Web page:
After spending all but a few hours of the first three days on the Alaska Peninsula stuck in the tent hiding from terrible weather, we finally had a sunny afternoon on opening day of the season. After all of the anticipation, we prepped our gear and headed down the beach to glass for bears that we could finally chase.

We had been glassing for an hour from some grassy sand dunes that separate a big tidal flat from the beach and had spotted one pretty bear high up on a mountain about 2 miles away. As I swept my binoculars over the grassy flats and alder-choked draws, I caught a dark patch out of the corner of my eye about 200 yards away. “That’s a bear….that’s a big bear!” I loudly whispered to my hunting partners Steve and Gary. The bear was rounding the end of the long line of sand dunes and headed our way. He was walking along the edge of the grass, in the tidal flat sand, and I knew he would follow that path right to where we were. When he went out of sight behind the near hill, we ran down and set up in a gully that would give me about a 15-yard shot with my recurve bow. We waited…and waited, but the bear didn’t come. As Steve and I poked forward to see if the bear was still headed our way, Gary frantically waved to get our attention. The bear had made a turn toward the beach side of the hills away from us!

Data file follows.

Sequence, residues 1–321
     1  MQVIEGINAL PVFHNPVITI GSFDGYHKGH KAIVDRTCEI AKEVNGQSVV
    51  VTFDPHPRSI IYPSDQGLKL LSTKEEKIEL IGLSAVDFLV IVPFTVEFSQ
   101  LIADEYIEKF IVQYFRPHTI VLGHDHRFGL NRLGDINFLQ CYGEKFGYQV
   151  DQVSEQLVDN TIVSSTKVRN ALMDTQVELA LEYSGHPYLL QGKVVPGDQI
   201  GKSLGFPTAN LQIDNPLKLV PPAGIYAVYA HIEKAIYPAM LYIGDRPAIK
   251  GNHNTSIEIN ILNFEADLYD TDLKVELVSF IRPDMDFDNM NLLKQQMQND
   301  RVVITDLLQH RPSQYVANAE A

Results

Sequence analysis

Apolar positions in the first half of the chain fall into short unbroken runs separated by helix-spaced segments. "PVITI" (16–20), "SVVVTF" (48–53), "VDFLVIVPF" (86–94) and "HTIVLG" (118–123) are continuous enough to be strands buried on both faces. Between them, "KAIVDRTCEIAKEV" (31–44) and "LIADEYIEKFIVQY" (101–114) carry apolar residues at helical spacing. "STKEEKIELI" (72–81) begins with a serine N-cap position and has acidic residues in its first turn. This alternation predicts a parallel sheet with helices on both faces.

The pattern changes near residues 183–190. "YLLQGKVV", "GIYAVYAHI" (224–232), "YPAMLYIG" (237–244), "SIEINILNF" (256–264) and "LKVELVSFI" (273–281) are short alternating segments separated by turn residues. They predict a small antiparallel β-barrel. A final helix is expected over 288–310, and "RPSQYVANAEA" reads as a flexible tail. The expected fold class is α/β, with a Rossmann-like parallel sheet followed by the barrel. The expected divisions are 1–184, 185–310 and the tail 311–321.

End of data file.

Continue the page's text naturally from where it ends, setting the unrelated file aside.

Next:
Things went from zero to 100 mph in a matter of seconds, and it was decision time. We sprinted 100 yards back up to the spot where we were originally glassing from, and saw the bear walking the other way at 160 yards, almost out of sight. I told Gary, “Gimme that rifle,” and I laid down, and put a round through his lungs at 173 yards. Gary had just gotten the camera turned on, was huffing and puffing, and on top of that, the sun was right on the viewfinder, so he had a heck of a time trying to keep it on the bear. After the first shot, the bear looked around then ran back the way he came. I put another round through his lungs on the run, then another one when he stopped. Although the first shot was a fatal shot, it’s always a good idea to keep pumping them with lead until they are down to ensure a quick and safe recovery.

Things happened so fast, and my adrenaline was pumping as hard as it ever has in my life. I was almost shaking with excitement as it set in that I had just taken a really big bear, and my first-ever brown bear. We cut its tracks as we were making our way toward him and measuring them we knew he would square at least 9 feet. I can’t even describe the feeling of awe and excitement as we finally walked up on him. I couldn’t believe how massive he was! It took all three of us to roll him over. After all the months of planning and preparation, my hunt was over. I stood there looking at my first brown bear, soaking up every second. It was one of the coolest moments in my life and I will remember it for many years.